In this article William M. Briggs tells about a British Judge who Rules Against Bayes’s Theorem.
Actually, the judge did not ban Bayes’s rule: he banned unwarranted precision. He “decided that Bayes’ theorem shouldn’t again be used unless the underlying statistics are ‘firm’.” To which I again say, Amen.
This is an unusually encouraging sign of sense from our judiciary.
Undoubtedly the EU Human Rights Judges will decide this is contrary to EU law and therefore the theorem will have to be admitted again.
Let's face it, a convicted criminal cannot be deported because of his attachment to a cat and separating them would violate his rights. (Can't they deport the cat as well or would that violate the cat's rights?), then I can't see them allowing this bit of common sense to stand.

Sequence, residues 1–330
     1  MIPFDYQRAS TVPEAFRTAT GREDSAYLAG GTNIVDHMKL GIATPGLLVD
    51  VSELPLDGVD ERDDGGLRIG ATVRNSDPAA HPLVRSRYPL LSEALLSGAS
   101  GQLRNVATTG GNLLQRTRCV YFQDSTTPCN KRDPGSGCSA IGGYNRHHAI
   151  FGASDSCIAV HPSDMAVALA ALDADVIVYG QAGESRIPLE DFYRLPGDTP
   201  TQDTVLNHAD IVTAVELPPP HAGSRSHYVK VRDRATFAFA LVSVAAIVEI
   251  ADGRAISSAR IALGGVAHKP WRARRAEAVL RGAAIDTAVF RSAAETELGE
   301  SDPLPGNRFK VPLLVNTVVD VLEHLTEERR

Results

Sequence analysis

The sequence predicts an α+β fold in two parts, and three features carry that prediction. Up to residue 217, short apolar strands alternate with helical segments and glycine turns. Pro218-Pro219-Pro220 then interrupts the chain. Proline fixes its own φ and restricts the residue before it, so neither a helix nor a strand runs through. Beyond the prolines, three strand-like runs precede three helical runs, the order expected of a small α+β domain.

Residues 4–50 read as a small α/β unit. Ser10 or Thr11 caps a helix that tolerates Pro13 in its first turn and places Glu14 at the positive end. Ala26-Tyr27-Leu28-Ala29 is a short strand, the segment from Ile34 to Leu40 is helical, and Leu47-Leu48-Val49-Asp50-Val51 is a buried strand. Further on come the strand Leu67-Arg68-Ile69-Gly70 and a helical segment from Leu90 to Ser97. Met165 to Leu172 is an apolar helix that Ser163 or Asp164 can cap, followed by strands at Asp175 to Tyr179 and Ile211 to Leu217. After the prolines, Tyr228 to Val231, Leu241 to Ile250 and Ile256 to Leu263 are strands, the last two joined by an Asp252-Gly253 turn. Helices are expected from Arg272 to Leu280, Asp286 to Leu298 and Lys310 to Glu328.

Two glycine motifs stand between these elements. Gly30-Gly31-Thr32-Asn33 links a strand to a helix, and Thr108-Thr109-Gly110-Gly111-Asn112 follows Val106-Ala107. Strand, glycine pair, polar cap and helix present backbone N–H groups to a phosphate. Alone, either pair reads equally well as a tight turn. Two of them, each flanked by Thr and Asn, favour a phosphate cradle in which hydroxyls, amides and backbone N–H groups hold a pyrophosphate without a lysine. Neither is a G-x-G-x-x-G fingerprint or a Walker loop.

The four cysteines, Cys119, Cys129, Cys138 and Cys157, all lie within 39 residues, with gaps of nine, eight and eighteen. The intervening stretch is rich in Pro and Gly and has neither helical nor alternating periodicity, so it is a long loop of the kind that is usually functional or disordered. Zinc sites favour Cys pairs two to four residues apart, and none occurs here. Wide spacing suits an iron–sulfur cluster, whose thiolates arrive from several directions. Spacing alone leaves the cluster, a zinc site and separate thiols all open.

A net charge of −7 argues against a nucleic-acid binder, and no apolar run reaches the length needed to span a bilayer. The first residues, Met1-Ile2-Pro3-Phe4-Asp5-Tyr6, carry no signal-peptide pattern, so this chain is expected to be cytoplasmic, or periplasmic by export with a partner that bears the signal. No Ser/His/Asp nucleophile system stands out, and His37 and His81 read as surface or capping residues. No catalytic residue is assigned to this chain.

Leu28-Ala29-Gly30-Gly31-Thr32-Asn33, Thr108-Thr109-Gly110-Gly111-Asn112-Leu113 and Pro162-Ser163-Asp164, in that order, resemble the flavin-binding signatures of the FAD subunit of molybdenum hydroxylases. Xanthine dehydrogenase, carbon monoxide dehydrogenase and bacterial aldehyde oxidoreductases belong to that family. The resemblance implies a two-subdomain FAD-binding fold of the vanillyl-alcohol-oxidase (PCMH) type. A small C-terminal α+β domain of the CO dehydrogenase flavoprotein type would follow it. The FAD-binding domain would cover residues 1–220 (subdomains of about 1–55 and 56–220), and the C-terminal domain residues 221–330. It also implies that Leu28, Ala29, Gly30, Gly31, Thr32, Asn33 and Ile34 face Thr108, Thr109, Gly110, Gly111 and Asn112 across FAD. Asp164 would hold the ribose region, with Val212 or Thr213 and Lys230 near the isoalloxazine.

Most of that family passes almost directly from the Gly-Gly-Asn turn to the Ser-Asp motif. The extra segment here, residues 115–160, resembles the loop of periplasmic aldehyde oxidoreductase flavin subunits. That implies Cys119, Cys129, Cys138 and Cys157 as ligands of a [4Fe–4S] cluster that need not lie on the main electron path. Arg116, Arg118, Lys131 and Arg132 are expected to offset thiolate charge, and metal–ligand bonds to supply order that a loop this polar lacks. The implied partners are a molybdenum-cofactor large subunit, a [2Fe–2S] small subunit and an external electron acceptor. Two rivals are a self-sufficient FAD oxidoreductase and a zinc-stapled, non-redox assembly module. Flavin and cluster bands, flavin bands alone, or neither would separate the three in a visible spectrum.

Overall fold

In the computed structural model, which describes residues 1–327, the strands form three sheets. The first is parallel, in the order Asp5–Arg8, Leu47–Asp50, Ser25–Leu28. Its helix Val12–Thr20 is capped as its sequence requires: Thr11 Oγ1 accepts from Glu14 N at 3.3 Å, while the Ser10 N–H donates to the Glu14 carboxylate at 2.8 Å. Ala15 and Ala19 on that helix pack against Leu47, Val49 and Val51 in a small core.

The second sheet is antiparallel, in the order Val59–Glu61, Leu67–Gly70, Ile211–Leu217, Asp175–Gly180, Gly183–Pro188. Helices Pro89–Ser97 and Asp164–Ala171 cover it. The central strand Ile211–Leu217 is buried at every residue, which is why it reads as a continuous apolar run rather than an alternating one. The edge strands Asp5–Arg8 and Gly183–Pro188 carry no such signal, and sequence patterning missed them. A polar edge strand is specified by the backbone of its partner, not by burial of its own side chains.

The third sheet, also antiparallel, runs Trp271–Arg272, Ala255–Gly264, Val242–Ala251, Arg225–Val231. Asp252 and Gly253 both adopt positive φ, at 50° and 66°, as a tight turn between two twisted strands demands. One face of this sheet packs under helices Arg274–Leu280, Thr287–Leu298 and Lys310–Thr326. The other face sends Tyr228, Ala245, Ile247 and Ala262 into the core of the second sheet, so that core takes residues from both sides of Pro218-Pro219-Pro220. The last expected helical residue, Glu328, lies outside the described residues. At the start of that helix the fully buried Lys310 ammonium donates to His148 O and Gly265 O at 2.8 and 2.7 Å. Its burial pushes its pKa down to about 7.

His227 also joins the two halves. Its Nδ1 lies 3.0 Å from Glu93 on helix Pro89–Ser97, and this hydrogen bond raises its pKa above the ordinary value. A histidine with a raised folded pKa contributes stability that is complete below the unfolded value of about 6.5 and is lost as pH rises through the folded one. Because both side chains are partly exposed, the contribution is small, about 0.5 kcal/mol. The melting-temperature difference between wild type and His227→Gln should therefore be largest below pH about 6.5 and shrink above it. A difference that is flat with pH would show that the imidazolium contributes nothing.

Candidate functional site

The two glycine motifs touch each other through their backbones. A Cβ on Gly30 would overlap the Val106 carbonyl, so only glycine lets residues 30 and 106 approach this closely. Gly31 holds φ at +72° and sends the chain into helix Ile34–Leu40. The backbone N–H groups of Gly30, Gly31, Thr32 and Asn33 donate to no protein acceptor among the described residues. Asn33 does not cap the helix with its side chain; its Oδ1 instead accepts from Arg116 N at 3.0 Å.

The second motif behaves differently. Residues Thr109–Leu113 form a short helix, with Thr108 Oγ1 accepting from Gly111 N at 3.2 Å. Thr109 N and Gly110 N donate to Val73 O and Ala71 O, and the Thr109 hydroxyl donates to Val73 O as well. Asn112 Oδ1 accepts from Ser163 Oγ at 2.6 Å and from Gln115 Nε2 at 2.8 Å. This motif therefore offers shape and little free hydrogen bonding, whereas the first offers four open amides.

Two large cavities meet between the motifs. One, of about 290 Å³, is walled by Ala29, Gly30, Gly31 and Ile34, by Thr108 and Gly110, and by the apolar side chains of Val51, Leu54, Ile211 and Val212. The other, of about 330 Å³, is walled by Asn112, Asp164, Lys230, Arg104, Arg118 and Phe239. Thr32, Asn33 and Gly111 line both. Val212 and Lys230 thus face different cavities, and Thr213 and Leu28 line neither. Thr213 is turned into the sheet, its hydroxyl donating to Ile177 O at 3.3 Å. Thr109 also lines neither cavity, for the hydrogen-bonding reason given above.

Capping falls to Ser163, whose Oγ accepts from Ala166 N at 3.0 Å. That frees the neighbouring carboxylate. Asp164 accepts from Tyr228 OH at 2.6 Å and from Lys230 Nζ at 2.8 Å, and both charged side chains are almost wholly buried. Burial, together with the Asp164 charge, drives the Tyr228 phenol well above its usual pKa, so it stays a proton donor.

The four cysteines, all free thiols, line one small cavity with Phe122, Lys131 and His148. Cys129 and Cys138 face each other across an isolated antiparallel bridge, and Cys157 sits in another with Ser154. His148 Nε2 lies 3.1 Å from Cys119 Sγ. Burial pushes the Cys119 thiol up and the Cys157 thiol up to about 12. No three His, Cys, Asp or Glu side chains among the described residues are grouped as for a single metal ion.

But the fundamental reason this judgement will be overturned has nothing to do with the math but precisely because of the reasons alluded to in one of the comments; that politicians might have to apply the same criteria to statistics on any and all of their pet scams from climate change to drink driving laws to speed cameras.
This is about the only time a politician will be aware of the law of unintended consequences; when it could affect their own scams.